Desert Garden at the Huntington Library
Some time ago I wrote a post about why I don’t plant succulents in my own garden. Ever since then, I have felt the presence of an invisible host waiting to pounce and shout, “Aha! Now you admit the error of your ways!”
We saw the Desert Garden at the Huntington Library on the Monday before Christmas. This garden is fun, exciting, fascinating, and visually powerful. But did it make me change my mind? Read on to find out.
Once the estate of a California plutocrat, the Huntington Library is now a privately run institution featuring extensive gardens, art displays, and libraries, all open to the public. The Desert Garden, covering 12 acres, was the inspiration of William Hertrich, the estate’s chief gardener in the earlier part of the 20th Century.
During our visit there two qualities to this garden that really stood out. The first was the complementary and contrasting shapes and textures of the plants.
The other was the way the spines (which are considered leaves by botanists, if you want to get technical) caught the light.
Flowers are a relatively minor aspect of this garden, but there were a few that caught our admiration. They stand out that much more since they are relatively scarce.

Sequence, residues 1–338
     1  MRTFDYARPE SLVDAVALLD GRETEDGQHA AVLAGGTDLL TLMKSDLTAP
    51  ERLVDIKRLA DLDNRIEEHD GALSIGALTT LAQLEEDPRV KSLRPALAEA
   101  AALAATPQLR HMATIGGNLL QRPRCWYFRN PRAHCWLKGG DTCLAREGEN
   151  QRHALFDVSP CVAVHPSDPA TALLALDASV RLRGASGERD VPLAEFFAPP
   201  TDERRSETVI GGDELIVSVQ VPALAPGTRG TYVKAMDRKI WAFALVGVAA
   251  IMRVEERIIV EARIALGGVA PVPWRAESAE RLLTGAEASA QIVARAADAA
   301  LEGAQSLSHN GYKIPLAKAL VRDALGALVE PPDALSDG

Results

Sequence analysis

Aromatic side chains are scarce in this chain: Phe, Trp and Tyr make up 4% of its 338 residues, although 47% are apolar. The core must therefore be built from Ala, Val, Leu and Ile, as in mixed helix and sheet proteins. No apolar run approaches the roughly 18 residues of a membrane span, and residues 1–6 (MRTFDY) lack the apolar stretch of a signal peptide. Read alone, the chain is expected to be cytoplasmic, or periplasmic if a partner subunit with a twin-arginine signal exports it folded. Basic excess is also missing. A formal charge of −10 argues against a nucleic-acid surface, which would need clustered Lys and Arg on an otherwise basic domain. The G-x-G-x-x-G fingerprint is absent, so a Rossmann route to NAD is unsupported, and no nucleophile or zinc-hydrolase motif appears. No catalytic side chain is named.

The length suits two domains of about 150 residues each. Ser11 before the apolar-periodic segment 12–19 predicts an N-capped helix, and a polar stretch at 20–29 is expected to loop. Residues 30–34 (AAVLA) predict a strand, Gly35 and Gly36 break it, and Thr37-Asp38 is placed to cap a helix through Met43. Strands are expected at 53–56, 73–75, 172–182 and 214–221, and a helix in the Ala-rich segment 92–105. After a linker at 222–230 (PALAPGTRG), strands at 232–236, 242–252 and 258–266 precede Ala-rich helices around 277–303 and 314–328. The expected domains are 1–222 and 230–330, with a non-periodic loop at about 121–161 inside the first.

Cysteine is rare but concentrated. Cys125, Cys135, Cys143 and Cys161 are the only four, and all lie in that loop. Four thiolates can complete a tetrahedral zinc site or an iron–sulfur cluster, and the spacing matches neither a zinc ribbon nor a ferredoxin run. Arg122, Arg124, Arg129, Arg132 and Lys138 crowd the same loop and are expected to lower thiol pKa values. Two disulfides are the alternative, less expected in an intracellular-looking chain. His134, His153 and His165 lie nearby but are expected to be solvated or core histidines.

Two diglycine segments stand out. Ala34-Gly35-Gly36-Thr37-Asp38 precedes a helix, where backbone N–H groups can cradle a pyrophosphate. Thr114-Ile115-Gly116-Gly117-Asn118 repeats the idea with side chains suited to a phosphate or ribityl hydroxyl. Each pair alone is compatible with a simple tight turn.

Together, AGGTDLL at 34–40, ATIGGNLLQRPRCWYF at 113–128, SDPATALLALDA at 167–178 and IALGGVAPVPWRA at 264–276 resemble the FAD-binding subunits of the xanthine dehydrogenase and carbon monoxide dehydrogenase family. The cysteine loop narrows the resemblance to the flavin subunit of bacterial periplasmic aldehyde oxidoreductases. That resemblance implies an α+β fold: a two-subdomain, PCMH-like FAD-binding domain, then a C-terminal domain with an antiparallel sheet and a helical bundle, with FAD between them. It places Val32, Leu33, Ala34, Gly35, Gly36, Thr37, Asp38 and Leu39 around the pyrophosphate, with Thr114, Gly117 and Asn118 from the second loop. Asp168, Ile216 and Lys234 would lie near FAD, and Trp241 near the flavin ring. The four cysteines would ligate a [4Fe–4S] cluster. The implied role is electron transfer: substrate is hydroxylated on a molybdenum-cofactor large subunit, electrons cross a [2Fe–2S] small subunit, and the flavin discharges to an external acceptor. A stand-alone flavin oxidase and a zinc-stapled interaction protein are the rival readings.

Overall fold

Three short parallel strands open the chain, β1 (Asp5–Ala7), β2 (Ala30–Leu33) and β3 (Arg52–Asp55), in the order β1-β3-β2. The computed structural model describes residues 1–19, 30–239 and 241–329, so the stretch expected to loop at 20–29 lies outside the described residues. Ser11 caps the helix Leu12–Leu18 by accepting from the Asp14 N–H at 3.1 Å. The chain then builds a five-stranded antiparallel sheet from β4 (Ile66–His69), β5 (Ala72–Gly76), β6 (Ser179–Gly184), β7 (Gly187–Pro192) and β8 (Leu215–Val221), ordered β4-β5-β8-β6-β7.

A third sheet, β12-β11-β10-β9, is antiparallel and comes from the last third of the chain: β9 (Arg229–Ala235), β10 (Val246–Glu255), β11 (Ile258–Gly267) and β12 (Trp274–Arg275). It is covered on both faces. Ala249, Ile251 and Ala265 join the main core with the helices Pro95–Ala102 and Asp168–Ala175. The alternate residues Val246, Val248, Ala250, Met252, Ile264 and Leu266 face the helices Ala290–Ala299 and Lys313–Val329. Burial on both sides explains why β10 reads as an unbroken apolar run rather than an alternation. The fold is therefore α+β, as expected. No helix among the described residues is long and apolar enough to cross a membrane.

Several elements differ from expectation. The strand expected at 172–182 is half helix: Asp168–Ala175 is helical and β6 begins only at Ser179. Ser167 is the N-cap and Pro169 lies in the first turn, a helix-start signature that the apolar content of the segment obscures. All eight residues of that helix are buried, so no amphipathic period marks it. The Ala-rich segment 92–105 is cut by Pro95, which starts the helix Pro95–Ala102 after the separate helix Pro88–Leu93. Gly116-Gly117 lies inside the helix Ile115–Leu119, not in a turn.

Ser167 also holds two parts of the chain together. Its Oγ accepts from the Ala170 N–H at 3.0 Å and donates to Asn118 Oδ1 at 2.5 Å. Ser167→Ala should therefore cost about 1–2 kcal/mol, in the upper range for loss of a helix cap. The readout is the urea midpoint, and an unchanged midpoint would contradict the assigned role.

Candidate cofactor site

Sometimes the colors of the cacti themselves could be arresting.
On the other hand, some of the cactus flowers struck me as awkward or even comical.
There were a number of plants that seemed particularly strange.
The plants in this garden were collected from all over the world. However, they were grouped by aesthetic criteria only, not geographically. Even so, I have to say the garden was lively with birds, though we didn’t get any pictures.
This will give you some idea of scale (of me versus Danny and David, that is).
So do I recant my succulent heresy? Not really. I am thrilled to have visited the Huntington’s Desert Garden, it is a wonderful place, and yet I could never forget its essential strangeness. Strange to me, in any case. I have visited great gardens such as Giverny and Great Dixter and thought: if only this were home. Or at least, if only I could make my home more like this. I did not have that reaction to the Desert Garden, as marvelous as it is.